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Bahrain situation could affect force majeure rules

Legal expert Charles Braithwaite muses on the implications of cancelling a grand prix due to political unrest amid F1's global expansion.
The decision to cancel next month's Bahrain Grand Prix following the outbreak of political protests in the island kingdom may have been a prudent one for many reasons but, with the number of races being sanctioned in potentially volatile areas, could result in contracts being more closely scrutinised.

While no-one would doubt that it would have been wrong on both human and political levels to have staged an F1 event amid the chaos that erupted in Manama last week, claiming force majeure as the reason for the cancellation of the 13 March event could cause a few headaches for race organisers, participants and governing bodies alike in future.

Defined in the dictionary as 'an irresistible force or unforeseeable course of events excusing from fulfilment of contract', the term has been used on numerous occasions in motorsport - notably by teams finding themselves unable to field the requisite number of cars, or appear at all, in races and, in the last case similar to Bahrain, when the 1995 Pacific GP was cancelled due to an earthquake - but could see its exclusions rewritten should the current wave of unrest continue to spread across Africa, the Middle East and into other potentially volatile areas being targeted for a position on the F1 schedule.

“Obviously, the safety of participants and spectators has to come first, but the recent situation in Bahrain and the cancellation of GP2 Asia's second round throws open an interesting discussion about the use of force majeure in sporting event contracts,” Charles Braithwaite, a partner with leading motorsport law firm Collyer Bristow, confirmed.

“With a swathe of civil unrest currently sweeping northern Africa and the Middle East, it will be interesting to see whether the force majeure clause is rewritten for future years. While the situation in Bahrain could not have been foreseen when the original F1 contracts were signed, it may be that future contracts have to take into account more closely the civil and political situation in the country in which the event is being hosted.

“A force majeure clause is included in most commercial contracts in one form or another. The clause essentially frees a party from liability or obligation when an extraordinary event or circumstance beyond their control prevents performance of the contract – often taken to mean natural disaster or war but, depending how the clause is drafted, potentially also covering things such as infrastructure failures, government sanctions, riots and industrial disputes. The clause usually gives the parties a right to terminate the contract should a force majeure event occur or should it continue for a certain period of time.

“So, GP2 Asia's second round has been cancelled under force majeure because no one could have foreseen, at the time of signing contracts, that civil unrest would make it unsafe to host the event. With the F1 season set to open in Bahrain in just a couple of weeks, a number of people would have been looking at the force majeure clause in their contracts to see whether it covered their interests.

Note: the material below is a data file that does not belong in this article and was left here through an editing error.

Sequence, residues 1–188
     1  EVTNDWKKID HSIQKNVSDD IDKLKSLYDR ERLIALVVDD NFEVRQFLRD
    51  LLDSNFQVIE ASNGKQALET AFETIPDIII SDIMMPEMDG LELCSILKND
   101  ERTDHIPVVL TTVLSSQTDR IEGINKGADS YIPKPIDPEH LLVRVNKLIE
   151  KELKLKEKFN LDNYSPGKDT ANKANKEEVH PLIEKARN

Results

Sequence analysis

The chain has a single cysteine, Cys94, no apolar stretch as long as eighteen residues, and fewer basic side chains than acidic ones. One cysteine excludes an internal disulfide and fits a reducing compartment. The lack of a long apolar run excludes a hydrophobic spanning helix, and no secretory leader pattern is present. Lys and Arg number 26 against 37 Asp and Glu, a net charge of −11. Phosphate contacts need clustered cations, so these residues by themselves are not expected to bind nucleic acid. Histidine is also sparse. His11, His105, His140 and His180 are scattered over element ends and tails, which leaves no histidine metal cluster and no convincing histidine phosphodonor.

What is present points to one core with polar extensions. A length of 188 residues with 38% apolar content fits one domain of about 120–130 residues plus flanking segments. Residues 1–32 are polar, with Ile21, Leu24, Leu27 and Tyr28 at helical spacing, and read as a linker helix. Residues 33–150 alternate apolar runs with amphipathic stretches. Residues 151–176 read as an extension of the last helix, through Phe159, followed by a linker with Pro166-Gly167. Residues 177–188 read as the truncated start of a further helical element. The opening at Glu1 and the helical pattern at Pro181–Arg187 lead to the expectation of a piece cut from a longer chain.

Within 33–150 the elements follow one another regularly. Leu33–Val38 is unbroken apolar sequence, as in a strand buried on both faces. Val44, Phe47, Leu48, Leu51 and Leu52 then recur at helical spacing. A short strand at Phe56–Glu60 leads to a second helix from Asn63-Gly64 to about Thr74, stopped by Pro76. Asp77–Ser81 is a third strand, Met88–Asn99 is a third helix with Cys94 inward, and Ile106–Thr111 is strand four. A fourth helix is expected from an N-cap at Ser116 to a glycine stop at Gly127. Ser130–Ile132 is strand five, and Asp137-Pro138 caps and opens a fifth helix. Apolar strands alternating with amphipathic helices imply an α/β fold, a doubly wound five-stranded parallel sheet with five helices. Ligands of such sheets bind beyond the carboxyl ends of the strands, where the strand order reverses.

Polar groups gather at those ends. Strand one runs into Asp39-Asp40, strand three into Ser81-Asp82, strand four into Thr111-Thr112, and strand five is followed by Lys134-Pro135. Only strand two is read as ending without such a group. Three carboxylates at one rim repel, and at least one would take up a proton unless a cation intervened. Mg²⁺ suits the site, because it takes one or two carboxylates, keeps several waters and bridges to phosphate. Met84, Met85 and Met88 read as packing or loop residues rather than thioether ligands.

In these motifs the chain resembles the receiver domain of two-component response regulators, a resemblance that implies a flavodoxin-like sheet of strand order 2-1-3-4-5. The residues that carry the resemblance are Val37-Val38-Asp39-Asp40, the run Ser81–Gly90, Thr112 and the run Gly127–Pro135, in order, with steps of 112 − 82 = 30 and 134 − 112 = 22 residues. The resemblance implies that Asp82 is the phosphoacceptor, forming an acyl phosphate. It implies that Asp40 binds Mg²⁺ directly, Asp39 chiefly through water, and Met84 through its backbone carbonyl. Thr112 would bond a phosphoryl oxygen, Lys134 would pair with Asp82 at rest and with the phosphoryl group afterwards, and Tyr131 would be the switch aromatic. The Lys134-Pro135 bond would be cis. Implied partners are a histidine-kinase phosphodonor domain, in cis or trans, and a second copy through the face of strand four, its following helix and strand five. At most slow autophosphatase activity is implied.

"The race organisers would have been looking to see whether they could invoke the clause to avoid liability should they need to cancel the race. Participants would have been looking to see whether they could invoke the clause to avoid liability should they decide it was too risky to attend or participate.

"It will not be an easy decision. Teams have already spent money on shipping equipment to Bahrain, sponsors have signed contracts on the back of the season timetable and drivers are expecting to undertake a certain number of races over the coming months.”

It remains to be seen whether, like the Aida event in 1995, the Bahrain Grand Prix can be rescheduled later in the season. The Pacific GP eventually took place in October, but the busy 2011 calendar may mitigate against Bahrain re-appearing in the current campaign, even if its current situation can be resolved.


Thanks to our colleagues at Collyer Bristow. For more information, click on the following link: Motorsport Law



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John - Unregistered

February 23, 2011 12:40 PM

It also kind of highlights the concerns, raised many times in the past, about where the races are being held anyway. There are many places around the world that have been know to be "dangerous" for years, such as the middle east, North Africa, etc. Yet F1 contracts are being signed bringing the sport ever closer to these areas, seemingly for the income they generate rather than the good of the sport and fans. So, has the policy of chasing the dollar finally bitten back?

Alan D - Unregistered

February 24, 2011 11:01 AM

John: "There are many places around the world that have been know to be "dangerous" for years, such as the middle east, North Africa, etc." I understand what you are saying, and it is view shared by many, but sweeping together a lot of countries into one big group of Middle East etc and then calling them dangerous or unstable is probably a cosy westernised viewpoint and hot helpful. You can't label a country as dangerous just because it happens to be in the middle east. And remember, full blown riots happen in our civilised cities in the west too. Bahrain is a well developed country and has been working hard at social reform, including giving women the right to vote and appointing women to cabinet positions as an act of positive discrimination.



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